unit test fails, but shouldnt have

Hi,

I have a one to many relationship ( stories & votes ), that i wish to
test via a unit test. In development everything works great, votes ends
up w/ the correct story_id and the relationship is great ( i can
Vote.find(:last).story or Story.find(:last).votes ) But when I run the
unit test, it fails. The story gets an id of 996332877 ( which is 10000
in dev ) and the votes story_id is 0. Not sure what the heck is going on
here. Any help would be greatly appreciated.

Merrick

stories:

Merrick Johnson wrote:

  has_many :votes do
    def latest
      find :all, :order => 'id DESC', :limit => 3
    end
  end

Nice! Could someone hint what that syntax does? (But I don't think it's causing the problem...

vote test:

Next time, write the test first! You should have developed all those model-level features entirely in test, using the tests essentially the same way - to feel around and sense changes as you grew the code - as you used your Rails app in development mode.

But enough of the lecture...

  test "story_association" do
    assert_equal stories(:two), votes(:two).story #FAILS!
  end

What is in your test/fixtures/stories.yml and votes.yml files?

What does the assert_equal spew forth when it fails?

Good call Philip, turns out my votes.yml fixture looked like this:

one:
  story_id: one

two:
  story_id: one

when it should have looked like this:

one:
  story: one

two:
  story: one

Waalaa
Thanks

Phlip wrote:

Merrick Johnson wrote:

  has_many :votes do
    def latest
      find :all, :order => 'id DESC', :limit => 3
    end
  end

Nice! Could someone hint what that syntax does? (But I don't think it's
causing
the problem...

this creates a method for the resource. in this case it returns the
newest 3 records. This is pretty helpful because i can call this from a
view or partial ( @story.votes.latest ) and just get the newest three
votes. This should work in any DB ( im using Oracle11G )

Merrick Johnson wrote:

one:
  story: one

two:
  story: one

Ahem. Now for some more lectures!

Your test data fixtures should be literate, so you can document your business rules in your test cases. In other words, your fixtures should not just say "one two" etc. They should, instead, tell a ... story.

(-:

BTW I guessed what this does:

> has_many :votes do
> def latest
> find :all, :order => 'id DESC', :limit => 3
> end
> end

It lets you say a_story.votes.latest and call that find. I can't wait to use that utterly kewl feature!

Merrick Johnson wrote:

this creates a method for the resource. in this case it returns the newest 3 records.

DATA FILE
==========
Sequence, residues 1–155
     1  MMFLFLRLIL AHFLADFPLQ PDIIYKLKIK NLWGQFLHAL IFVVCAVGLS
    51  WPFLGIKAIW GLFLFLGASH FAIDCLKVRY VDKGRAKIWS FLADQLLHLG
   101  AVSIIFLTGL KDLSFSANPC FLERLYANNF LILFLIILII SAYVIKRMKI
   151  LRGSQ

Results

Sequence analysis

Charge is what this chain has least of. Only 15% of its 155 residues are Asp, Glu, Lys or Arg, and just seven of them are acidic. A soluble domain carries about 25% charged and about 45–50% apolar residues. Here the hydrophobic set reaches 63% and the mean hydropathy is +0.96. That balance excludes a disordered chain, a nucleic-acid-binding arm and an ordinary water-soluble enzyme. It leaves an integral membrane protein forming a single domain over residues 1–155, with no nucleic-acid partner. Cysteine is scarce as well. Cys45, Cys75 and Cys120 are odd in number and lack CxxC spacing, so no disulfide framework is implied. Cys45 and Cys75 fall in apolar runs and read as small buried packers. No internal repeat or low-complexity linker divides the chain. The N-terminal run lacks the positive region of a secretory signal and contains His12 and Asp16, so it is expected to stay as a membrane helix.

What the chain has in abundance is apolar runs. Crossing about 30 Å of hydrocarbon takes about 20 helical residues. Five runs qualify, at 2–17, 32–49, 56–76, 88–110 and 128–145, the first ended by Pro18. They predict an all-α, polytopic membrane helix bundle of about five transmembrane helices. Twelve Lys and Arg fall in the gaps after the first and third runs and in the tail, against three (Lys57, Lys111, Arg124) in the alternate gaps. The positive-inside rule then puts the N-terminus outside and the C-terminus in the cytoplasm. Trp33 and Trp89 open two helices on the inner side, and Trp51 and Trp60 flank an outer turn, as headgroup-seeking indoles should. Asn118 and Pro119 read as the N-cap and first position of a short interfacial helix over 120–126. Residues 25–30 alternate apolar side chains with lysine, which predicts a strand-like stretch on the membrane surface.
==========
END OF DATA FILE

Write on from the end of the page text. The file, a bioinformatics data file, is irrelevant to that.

Yup!

> This is pretty helpful because i can call this from a

view or partial ( @story.votes.latest ) and just get the newest three votes. This should work in any DB ( im using Oracle11G )

And you never need to say that about MVC or ActiveRecord. The point is you write the minimum code, all in the right places, to support the maximum features. You don't have to do it the old-fashioned way, with code scattered everywhere, all very similar, getting in the way of each other!

Now this is why that new aggregation notation is so dang cool. Here's the Rails 1 way to do a bunch of links:

   class Customer
     has_many :accounts
     has_many :accounts_cc, :class_name => 'Account',
                    :conditions => { :kind => 'cc' }
     has_many :accounts_ach, :class_name => 'Account',
                    :conditions => { :kind => 'ach' }
   end

Now compared to raw SQL, has_many is already an order of magnitude more DRY (Don't Repeat Yourself). Yet the one requirement to distinguish Credit Card from Checking accounts forces us to create three very wet has_many calls on the same model. They are, once again, irritatingly similar.

Here's the (apparent!) Rails 2 fix:

   class Customer
     has_many :accounts do
       def kind(k)
  find :all, :conditions => { :kind => k }
       end
     end
   end

Boom done. You can write customer.accounts, customer.accounts.kind('cc'), and customer.accounts.kind('ach'), all very similar to what you could write before, but with far fewer executable lines.

I'm stoked because we just spent 3 days refactoring a big system which needed this exact fix, and I didn't know about it. Now I get to install it on Monday. Merry Xmas to me, huh?!

Merrick Johnson wrote:

  test "votes_association_improved" do
    assert stories(:one).votes.include? votes(:one)
    assert stories(:one).votes.include? votes(:two)
  end

You need .to_set, and I will recommend a way to unify assert() and assert_equal() into an assertion that reflects all its variables and values when it fails.

   gem install assert2

   require 'assert2'

   assert{ stories(:one).votes.to_set == votes(:one, :two).to_set }

.to_set converts an ordered array into an unordered group, so == can't see the order and can't complain.

(But don't use assert{ 2.0 } if you use Ruby 1.8.7! A fix for Ruby 1.9 is in the works...)

Merrick Johnson wrote:

      find :all, :order => 'id DESC', :limit => 3

Note that, in a normal database - and in a unit test that generates new records - the 'id' should increment monotonically as new records get added. So 'latest' is always the highest 'id'. (Note I have no idea if databases must eternally enforce this rule, but it stands to reason...)

However, a modern Rails fixture file uses a "magic 'id' system" that builds 'id's out of the hash of each record's fixture name. So the 'id's are not monotonic, and these problems illustrate you ought to use a timestamp, such as 'created_at', instead of an 'id', to find the latest records!

This means, instead of using .to_set in the test, you should actually pin down the 'created_at' times in your fixture files. And this reminds us, again, to use the fixtures to tell a little story. Suggest one record is "2.hours.ago", and another is "5.minutes.ago", for example!